Dr. Vincent Hsu had been dealing with the stress of the COVID-19 pandemic for more than a year.
The internal medicine physician from AdventHealth in Orlando, Florida, and his colleagues were worn out as they worked to treat sick patients.
"Every day that came with more patients ... we just waited with bated breath," he told ABC News. "Are we going to be able to have the bed capacity? Are we going to have the staff to take care of them? That was a big unknown."
He added, "Needless to say, it was a very trying experience because of all those unknowns coupled with the fact that we knew this was not going to be a sprint, this was going to be a marathon."
Feeling tired, overwhelmed and burned out, Hsu came across a screenshot on his hospital computer. AdventHealth was starting an employee orchestra and it was looking for volunteers.
Aside from being a doctor, Hsu is also a classically trained musician and plays violin. He and his wife decided they would audition.
"We both looked at that and said, 'Hey, maybe this is what we should do, maybe this is something that could help us out,'" he said. "We did not know much of the background behind this, but wow, to be able to do something a little different was really intriguing for us."
The orchestra was the brainchild of Richard Hickam, director of music and the arts for AdventHealh, who now directs the ensemble.
"I used to teach high school orchestra and I knew that we had several string players in the organization," Hickam told ABC News. "And I started thinking, we had an event coming up -- a conference on mission -- where we were kind of talking about what was happening and how we could bond together."
After getting the support from hospital leadership, Hickam got the word out about auditions.
At first the orchestra started with a strings session made of AdventHealth employees who played violin, viola, cello and bass. However, the orchestra grew to include brass, wind and percussion instruments and now boasts nearly 60 members.
Nurse Ian Barnett, who works out of AdventHealth's hospital in New Smyrna, is the orchestra's principal bassoonist. He said being unable to play music when COVID first struck was saddening.
"It was a stressful time," he told ABC News. "We were the COVID unit in this hospital, so I dealt with it from day 1. And I play music and so all of that was shutdown. And there's burnout. You get very fatigued. You go home and you do the same routine over and over."
He said being in the orchestra has done wonders for his mental health.
"When we're playing music and making music together, I'm relaxed and I become centered," he said. "I think it's because we're all together trying to make beautiful music together. It just sort of it centers me. I can't explain."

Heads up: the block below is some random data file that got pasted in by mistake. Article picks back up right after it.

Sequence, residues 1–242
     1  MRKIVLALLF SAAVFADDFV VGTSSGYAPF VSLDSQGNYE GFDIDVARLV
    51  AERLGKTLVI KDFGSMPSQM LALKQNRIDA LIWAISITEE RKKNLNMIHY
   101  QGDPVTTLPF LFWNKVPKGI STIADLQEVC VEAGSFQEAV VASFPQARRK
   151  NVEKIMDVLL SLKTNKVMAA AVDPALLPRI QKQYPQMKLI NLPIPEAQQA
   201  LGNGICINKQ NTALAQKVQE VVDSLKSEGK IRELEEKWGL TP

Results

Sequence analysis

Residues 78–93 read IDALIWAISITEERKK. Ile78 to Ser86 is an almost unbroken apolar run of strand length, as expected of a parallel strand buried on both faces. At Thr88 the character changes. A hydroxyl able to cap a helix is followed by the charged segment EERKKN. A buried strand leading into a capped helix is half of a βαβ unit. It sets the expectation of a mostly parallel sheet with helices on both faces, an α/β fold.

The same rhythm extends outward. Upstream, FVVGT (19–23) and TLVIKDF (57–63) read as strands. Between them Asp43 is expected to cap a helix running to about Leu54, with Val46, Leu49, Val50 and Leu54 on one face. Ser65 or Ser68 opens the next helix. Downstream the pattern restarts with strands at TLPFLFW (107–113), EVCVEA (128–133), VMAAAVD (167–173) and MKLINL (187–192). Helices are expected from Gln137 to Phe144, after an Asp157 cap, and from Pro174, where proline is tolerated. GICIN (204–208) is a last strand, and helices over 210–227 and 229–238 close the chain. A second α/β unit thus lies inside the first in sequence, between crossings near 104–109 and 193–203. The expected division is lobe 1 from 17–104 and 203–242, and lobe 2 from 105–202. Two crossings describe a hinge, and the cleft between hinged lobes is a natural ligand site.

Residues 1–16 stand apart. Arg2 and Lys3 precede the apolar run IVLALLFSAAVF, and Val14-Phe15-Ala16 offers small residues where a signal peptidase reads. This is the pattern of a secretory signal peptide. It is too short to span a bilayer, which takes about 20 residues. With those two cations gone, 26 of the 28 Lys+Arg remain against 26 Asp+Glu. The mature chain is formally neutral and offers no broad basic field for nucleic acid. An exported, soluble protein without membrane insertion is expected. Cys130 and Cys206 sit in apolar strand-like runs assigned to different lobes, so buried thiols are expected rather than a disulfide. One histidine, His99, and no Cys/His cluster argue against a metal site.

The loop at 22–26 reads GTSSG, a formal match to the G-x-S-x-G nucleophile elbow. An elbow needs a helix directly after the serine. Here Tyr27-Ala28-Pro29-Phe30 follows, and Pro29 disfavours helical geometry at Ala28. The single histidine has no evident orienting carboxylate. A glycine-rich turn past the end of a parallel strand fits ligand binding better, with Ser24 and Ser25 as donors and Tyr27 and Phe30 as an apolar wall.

Research shows that music can be beneficial to our mental well-being. According to a study from King's College London, music can increase production of dopamine, a chemical in the brain linked to feelings of pleasure. It can also lower levels of cortisol, known as the stress hormone.
Additionally, music can also help decrease anxiety and help shift someone's mood toward positive feelings, according to research from Harvard.
Hickam said there are two music therapists in the orchestra -- one plays clarinet and the other plays flute. They've helped members promote positive mental health through music.
"They had turned their career towards music therapy, towards helping others and they weren't able to use their instruments every day [during the pandemic]," Hickam said. "Being able to return again to [an] instrument not only helped them but it helped us as an orchestra … and they can also talk to the orchestra in ways that only music therapists can."
In summer 2021, the orchestra recorded its first performance, a requiem for those who lost their lives during the pandemic, including their own patients and colleagues.
Then, in December 2022, the first public performances were a series of Christmas concert at Disney Springs and the Orlando Rescue Mission. The group eventually plans to do a full concert season with four performances per year.
"Joining the orchestra, being part of that ensemble, to make music and to have that creative outlet ... has just really been a godsend for us," Hsu said. "The music not only has been therapeutic for others but clearly for us as musicians as well."
He added, "To be able to have an alternative way to express yourself and to work with the same folks in the hospital -- it's a surreal feeling and truly remarkable."